San Francisco’s waste grocery collection for composting program, the first of its kind in the United States, began in 1996 as a community-led initiative at the San Francisco Wholesale Produce Market, now called The SF Market. Shortly thereafter, the city’s largest hotel chains worked with the city to implement the collection of leftover food for composting. Building on this success, a pilot compost program was launched in the Richmond District and, in 2001, roadside organic material was volunteered on all properties. In 2009, San Francisco became the first city in the country to mandate composting and recycling through the three-bin collection system that residents and businesses are familiar with today. As a direct result of San Francisco’s innovative policies and initiatives, the state legislature passed Senate Bill 1383 in 2016, which requires all jurisdictions to provide, among other things, methane reduction measures for residents and businesses, bio-collection services by 2022.

Today, leftover food and landscape scraps duly collected in the green bin are being shipped to Recology’s Blossom Valley Organics, a state-of-the-art facility near Vernalis, California. There, pollutants such as plastics are sorted out of the organic material. The filtered material is then shredded, laid out in swaths, and carefully managed to even out the moisture in the air. These steps encourage naturally occurring microbes to break down the organic matter and destroy harmful pathogens. After 60 days, the compost material is sold to local farmers to improve their soils. The San Francisco roadside food waste collection program removed more than 2.5 million tons of compostable material from the landfill.

“It is up to all of us to move forward and redefine what it means to be an environmental city. Because of this, our people have worked hard to ensure processes and best practices that are better for the planet, ”said Vanick Der Bedrossian, co-owner of San Francisco’s La Méditerranée restaurant, one of the city’s certified green businesses for his efforts to Waste reduction and a lower carbon footprint. “We are grateful to be part of a community and city that shares these values ​​and welcome others to take the next step by joining the city’s Green Business program.”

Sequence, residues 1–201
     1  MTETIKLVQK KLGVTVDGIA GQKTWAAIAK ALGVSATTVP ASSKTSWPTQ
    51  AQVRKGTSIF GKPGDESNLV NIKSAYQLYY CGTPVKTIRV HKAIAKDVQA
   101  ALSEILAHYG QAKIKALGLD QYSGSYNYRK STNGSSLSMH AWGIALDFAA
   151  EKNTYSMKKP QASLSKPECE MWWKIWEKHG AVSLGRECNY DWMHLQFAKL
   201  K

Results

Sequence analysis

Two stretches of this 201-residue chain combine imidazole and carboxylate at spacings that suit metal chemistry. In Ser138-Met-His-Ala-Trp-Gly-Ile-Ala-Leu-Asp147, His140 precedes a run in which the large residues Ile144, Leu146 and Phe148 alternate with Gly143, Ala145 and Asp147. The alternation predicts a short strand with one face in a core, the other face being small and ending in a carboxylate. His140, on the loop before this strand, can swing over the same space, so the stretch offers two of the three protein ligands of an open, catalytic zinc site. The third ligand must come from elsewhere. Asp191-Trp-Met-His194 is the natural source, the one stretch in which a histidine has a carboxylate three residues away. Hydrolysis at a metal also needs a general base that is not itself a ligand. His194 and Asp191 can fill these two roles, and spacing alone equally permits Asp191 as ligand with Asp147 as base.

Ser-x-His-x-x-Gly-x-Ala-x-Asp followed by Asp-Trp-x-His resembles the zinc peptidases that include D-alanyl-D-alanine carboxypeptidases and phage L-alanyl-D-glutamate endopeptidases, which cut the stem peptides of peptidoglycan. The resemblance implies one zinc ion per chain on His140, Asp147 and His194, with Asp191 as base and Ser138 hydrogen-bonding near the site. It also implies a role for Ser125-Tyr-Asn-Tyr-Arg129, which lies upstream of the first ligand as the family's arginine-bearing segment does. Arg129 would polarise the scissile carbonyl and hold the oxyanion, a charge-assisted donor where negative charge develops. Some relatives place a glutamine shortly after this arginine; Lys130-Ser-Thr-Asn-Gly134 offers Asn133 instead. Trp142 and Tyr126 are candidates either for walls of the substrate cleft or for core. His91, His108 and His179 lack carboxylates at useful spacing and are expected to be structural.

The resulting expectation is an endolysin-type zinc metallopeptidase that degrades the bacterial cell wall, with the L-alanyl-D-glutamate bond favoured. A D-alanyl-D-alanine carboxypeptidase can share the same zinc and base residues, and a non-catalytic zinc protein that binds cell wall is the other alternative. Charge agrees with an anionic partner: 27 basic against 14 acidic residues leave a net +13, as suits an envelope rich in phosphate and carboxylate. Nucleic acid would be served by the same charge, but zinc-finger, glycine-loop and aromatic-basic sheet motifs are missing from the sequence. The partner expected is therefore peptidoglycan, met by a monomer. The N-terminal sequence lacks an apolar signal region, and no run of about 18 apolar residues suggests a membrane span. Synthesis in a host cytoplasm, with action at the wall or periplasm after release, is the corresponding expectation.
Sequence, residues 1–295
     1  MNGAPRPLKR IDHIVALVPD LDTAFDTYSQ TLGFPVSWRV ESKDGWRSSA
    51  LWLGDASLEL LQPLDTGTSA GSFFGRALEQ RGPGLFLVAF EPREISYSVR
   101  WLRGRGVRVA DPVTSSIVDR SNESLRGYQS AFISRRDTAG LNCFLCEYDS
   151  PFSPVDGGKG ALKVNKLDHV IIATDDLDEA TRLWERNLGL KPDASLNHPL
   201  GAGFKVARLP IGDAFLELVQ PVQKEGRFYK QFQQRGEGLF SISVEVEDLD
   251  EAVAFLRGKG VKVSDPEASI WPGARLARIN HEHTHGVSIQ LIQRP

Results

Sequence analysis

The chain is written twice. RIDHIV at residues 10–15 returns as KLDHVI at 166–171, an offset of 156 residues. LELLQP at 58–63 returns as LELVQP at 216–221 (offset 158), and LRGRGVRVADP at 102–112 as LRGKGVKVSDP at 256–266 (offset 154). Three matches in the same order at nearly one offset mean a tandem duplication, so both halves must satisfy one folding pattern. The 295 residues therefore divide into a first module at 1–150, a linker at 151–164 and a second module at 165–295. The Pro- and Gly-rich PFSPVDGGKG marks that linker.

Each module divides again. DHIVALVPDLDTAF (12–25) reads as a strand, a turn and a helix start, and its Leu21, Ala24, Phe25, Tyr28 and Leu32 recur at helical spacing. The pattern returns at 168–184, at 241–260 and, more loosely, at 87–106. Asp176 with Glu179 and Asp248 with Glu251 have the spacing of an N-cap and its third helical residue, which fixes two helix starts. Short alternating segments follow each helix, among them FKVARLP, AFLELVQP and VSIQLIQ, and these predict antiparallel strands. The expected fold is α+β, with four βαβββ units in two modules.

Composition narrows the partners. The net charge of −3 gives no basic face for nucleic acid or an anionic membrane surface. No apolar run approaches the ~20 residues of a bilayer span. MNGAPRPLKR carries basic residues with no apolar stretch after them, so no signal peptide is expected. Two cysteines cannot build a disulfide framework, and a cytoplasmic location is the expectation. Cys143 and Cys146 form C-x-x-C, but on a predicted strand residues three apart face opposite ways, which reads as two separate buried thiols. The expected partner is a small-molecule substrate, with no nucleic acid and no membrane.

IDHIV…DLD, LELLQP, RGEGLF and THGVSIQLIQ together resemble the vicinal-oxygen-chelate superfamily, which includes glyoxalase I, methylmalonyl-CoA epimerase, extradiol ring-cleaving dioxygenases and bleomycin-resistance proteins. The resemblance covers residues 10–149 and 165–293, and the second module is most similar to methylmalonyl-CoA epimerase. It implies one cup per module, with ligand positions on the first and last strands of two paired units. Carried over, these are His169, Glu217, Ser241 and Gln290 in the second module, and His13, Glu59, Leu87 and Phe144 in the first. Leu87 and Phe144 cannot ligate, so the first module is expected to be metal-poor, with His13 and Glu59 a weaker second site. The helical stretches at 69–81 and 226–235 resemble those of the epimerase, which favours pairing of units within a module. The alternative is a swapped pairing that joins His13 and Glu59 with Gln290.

At the 2018 World Climate Summit, Mayor Breed committed San Francisco to new zero waste targets and urged other cities to make the same promise. In particular, the city has pledged to reduce municipal waste generation by 15% by 2030 and landfill disposal by 50% by 2030. Today, San Francisco recovers more material than perhaps any other city in the United States, in part due to mandatory recycling and composting. However, bold action and new investment are still vital to achieving the city’s goals.

Residents who want to learn more about the award-winning campaign and receive a free compost bin can visit sfgasrelief.org. For more information on the Department of Environment’s Green Business program, visit sfenvironment.org/green-businesses.

This press release was produced by the San Francisco Office of the Mayor. The views expressed here are your own.